Despite rap, Dec. 4-5 transport strike to push through: PISTON prexy

MANILA — PISTON national president George San Mateo said Friday his organization of commuter jeepneys would go on with its planned transport strike on December 4 and 5 despite a case filed against him.

“For us, this case will have no bearing on our planned strike. The strike will definitely push through,” San Mateo said in a text message to the Philippine News Agency (PNA).

The Quezon City Prosecutor’s Office has filed the complaint of the Land Transportation Franchising and Regulatory Board (LTFRB) against San Mateo before the Quezon City Metropolitan Trial Court for leading a transport strike in protest of the public utility vehicle modernization program (PUVMP) last February.

The transport leader is facing a charge for violation of Commonwealth Act No. 146 or the Public Service Act for allegedly encouraging jeepney drivers and operators not to provide rides to commuters in defiance of the government.

“The undersigned finds probable cause to charge the respondent (San Mateo) for violation of Section 20 (k) in relation to Section 24 of Commonwealth Act No. 146 or the Public Service Act,” Assistant City Prosecutor Marvelous Madamba said in a resolution dated October 30, which was released to reporters Friday.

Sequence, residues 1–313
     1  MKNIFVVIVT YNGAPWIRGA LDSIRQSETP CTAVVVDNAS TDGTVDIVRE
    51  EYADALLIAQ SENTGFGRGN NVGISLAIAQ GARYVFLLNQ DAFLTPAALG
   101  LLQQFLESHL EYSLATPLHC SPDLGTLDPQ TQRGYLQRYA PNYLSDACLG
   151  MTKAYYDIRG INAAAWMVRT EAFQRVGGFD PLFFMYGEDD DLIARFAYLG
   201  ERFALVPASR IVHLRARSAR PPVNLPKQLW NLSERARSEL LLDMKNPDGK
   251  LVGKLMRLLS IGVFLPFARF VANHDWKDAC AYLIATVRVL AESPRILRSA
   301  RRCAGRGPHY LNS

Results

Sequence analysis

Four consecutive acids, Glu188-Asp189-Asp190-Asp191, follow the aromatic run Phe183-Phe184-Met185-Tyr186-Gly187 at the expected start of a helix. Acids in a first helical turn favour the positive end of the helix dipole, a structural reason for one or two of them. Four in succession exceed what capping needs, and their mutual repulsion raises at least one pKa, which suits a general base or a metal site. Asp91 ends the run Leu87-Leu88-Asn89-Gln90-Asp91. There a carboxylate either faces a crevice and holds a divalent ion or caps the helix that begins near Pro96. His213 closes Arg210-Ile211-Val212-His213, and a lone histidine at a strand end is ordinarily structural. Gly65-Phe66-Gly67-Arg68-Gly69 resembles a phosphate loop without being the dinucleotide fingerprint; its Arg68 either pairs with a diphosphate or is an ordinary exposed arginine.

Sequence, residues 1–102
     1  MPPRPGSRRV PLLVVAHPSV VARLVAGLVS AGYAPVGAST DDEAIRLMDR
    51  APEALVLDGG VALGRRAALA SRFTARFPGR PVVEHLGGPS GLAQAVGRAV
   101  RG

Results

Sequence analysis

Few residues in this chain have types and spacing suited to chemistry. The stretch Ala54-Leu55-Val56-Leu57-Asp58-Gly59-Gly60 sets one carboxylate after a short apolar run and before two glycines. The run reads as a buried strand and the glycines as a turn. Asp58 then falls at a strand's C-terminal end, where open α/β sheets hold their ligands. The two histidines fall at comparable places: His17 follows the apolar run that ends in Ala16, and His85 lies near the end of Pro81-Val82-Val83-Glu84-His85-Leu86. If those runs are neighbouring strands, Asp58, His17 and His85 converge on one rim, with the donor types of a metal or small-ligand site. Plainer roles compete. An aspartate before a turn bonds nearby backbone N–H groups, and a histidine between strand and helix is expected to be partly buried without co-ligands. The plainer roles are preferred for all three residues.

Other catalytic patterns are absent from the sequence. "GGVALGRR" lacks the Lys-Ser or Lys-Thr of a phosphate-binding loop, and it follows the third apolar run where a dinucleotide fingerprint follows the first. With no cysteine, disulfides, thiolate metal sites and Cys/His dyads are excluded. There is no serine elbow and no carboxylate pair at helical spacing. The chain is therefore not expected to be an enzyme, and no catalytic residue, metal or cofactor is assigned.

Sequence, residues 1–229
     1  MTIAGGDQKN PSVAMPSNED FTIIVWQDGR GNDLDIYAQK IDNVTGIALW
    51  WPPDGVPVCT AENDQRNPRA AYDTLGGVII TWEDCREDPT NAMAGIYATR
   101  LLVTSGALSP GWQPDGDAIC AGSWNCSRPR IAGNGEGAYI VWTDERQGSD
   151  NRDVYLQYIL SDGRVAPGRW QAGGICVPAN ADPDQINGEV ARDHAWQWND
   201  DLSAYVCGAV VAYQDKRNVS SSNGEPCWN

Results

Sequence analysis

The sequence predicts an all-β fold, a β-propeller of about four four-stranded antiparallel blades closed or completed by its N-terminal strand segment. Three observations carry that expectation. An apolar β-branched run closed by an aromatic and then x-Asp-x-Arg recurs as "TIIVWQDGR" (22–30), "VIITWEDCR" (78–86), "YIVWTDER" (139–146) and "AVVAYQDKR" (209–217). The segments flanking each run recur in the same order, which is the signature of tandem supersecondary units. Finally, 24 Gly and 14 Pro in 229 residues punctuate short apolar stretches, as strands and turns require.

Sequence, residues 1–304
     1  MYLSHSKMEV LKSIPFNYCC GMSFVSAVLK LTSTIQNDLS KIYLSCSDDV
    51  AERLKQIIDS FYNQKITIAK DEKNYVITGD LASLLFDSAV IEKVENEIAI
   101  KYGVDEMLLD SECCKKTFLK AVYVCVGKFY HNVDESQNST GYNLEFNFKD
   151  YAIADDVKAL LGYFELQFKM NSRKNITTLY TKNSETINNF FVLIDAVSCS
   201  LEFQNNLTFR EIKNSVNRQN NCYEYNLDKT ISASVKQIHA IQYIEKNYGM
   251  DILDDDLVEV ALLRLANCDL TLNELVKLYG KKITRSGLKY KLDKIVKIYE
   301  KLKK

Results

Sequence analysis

“The respondent as operator of a public transport can be said to be aware of the Public Service Act which provides that the act of conducting a transport strike is an adoption of a measure, which affects the public in relation to the public service,” Madamba added.

The nationwide transport strike held on February 27 resulted in the suspension of classes and work in affected areas due to the lack of public utility vehicles that would ferry stranded commuters.

But the LTFRB said it would not recommend the suspension of classes for next week’s transport strike, as the agency expects that it would only cause minimal impact on public transportation.

The PUVMP requires jeepney units that are 15 years old to be replaced with Euro 4 engines or electrically-powered engines with solar panels for roofs and to be equipped with closed-circuit television (CCTV) cameras, a GPS navigation system, an Automatic Fare Collection System (AFCS), speed limiters, dashboard cameras, and Wi-Fi. Aerol John Pateña/